EMC, reminding the IT world that it is indeed a global corporation, eschewed the standard New York/San Francisco/Las Vegas launch scenarios and staged a media event in Milan, Italy, Sept. 4 to introduce several new products, including a new enterprise cloud storage service and refreshes of its VNX storage arrays.
The company’s Project Nile elastic cloud storage platform, which will become a clear competitor to Amazon Web Services and its S3 storage, is aimed at “bringing private cloud control, security and flexibility with the scale, economics and ease-of-use generally associated with the public cloud,” Amitabh Srivastam, president of EMC’s Advanced Software Division, told eWEEK at a recent briefing.
There’s no question that EMC sees an opening in a market that Amazon has dominated without much competition since 2006, when the term “cloud” started being used in IT as much as it is used in weather reporting. IT analyst Eric Lundquist, former eWEEK editor, described Project Nile in this publication Sept. 4 as “public cloud-like, but private-cloud secure … which is designed to provide rapid storage deployment.”
Project Nile: Web-scale Storage Infrastructure
EMC positions Project Nile as the first commercially available, complete, Web-scale storage infrastructure for the data center. Srivastam said it will have a “streamlined and automated user experience” from purchase thorough deployment and consumption. Of course, users will find out how true this all is when it becomes available in the first half of 2014.
Srivastam said the upcoming cloud service will be engineered to enable click-through access to block, file and object storage, depending on a user’s workload needs. It will entail all the benefits of a public cloud service–read that AWS–by being designed for massive scale, geo-distribution and elasticity, he said.
Project Nile is pretty open-minded, it turns out. It will support multiple standard APIs, including–surprise!–Amazon Simple Storage Service (S3), OpenStack Swift and EMC Atmos. This will enable developers to more easily move applications between on-premise and public cloud environments without the need for costly and time-consuming application rewrites.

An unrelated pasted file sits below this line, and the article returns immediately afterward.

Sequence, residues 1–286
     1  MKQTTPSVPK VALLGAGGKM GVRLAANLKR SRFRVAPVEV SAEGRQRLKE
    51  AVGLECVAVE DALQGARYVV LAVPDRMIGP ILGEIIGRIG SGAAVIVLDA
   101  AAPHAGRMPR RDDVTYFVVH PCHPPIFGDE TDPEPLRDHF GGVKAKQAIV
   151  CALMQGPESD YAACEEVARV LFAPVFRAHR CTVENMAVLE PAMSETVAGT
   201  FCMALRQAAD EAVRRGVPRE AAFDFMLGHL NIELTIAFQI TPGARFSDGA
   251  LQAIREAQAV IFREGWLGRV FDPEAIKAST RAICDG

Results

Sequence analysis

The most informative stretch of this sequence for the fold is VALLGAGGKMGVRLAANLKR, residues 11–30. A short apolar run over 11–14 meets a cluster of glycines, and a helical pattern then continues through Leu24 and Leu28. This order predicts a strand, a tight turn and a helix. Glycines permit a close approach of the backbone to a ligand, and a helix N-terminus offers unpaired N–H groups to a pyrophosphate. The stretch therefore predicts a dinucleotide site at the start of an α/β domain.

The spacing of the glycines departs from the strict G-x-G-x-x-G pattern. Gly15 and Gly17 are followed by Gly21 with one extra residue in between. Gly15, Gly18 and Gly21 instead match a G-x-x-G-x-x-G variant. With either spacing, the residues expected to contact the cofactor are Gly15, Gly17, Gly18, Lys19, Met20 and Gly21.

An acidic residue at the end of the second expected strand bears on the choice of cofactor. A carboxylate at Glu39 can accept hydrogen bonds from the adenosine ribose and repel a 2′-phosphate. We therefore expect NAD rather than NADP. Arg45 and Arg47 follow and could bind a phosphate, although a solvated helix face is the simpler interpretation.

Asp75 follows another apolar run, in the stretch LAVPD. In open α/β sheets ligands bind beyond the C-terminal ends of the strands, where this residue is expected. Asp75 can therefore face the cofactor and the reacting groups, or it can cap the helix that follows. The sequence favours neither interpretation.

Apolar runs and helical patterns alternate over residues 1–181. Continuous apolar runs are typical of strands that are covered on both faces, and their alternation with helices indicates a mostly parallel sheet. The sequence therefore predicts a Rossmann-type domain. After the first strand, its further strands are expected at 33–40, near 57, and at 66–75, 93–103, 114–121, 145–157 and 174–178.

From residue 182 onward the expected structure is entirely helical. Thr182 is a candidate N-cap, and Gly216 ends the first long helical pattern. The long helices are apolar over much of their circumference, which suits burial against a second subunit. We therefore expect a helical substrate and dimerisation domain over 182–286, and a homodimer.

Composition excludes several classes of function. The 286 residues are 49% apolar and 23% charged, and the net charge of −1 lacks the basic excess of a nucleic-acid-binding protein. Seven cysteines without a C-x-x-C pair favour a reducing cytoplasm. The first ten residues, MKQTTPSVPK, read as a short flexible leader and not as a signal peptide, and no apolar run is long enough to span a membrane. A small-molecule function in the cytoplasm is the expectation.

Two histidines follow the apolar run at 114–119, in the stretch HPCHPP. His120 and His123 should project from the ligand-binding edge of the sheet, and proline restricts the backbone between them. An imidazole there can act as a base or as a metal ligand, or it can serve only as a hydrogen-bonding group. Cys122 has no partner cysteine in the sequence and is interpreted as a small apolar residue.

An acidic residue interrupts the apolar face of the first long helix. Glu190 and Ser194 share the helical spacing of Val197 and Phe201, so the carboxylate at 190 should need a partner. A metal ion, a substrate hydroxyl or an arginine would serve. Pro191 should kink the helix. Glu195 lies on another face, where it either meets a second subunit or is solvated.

“Project Nile will be offered at a very aggressive price point, redefining the economics of on-premise Web-scale storage deployments,” Srivastam said. “Project Nile will give IT departments or service providers the ability to deliver easily consumable storage services, similar to those offered by the Web-scale public cloud providers, but with the control security and reliability of a private cloud.”
VNX Incorporating More Flash
On the hardware side, EMC’s redesigned, midrange-aimed VNX upgrade takes full advantage of the newest and most power-efficient NAND flash and multi-core processors, which come mostly from Intel.
“EMC has redesigned (hardware and software) VNX with flash as the foundational component,” storage analyst David Hill of Mesabi Group wrote in a media advisory.
“One of VNX’s new major features is Multicore Code Path Optimization (MCx), which helps the system take better advantage of the multi-threading capabilities of Intel’s Xeon 5600 Sandy Bridge multi-core CPUs that optimize how flash storage is accessed without the mechanical constraints, such as the movement of read-write heads of HDDs.”
ViPR Coming Later This Month
In other Milan-event news, EMC said it is scheduled to deliver its ViPR software-defined storage platform later in September, which is ahead of industry expectations.
Using this new platform, storage admins can manage both their existing storage infrastructure (using the ViPR controller) and the data residing within it (using ViPR data services), enabling them to deploy more automation and create a modern storage architecture for future application deployments, EMC said.
ViPR will work natively with the new EMC VNX unified storage platform, in addition to existing VNX, VMAX, VPLEX, Isilon, RecoverPoint and third-party arrays–including competing NetApp storage.
ViPR’s first data service–Object Data Services–will be supported at the time it goes to general availability. ViPR Object Data Services support Amazon S3, OpenStack Swift and Atmos APIs, in addition to enabling enterprises and service providers to store, access and manipulate objects, the company said.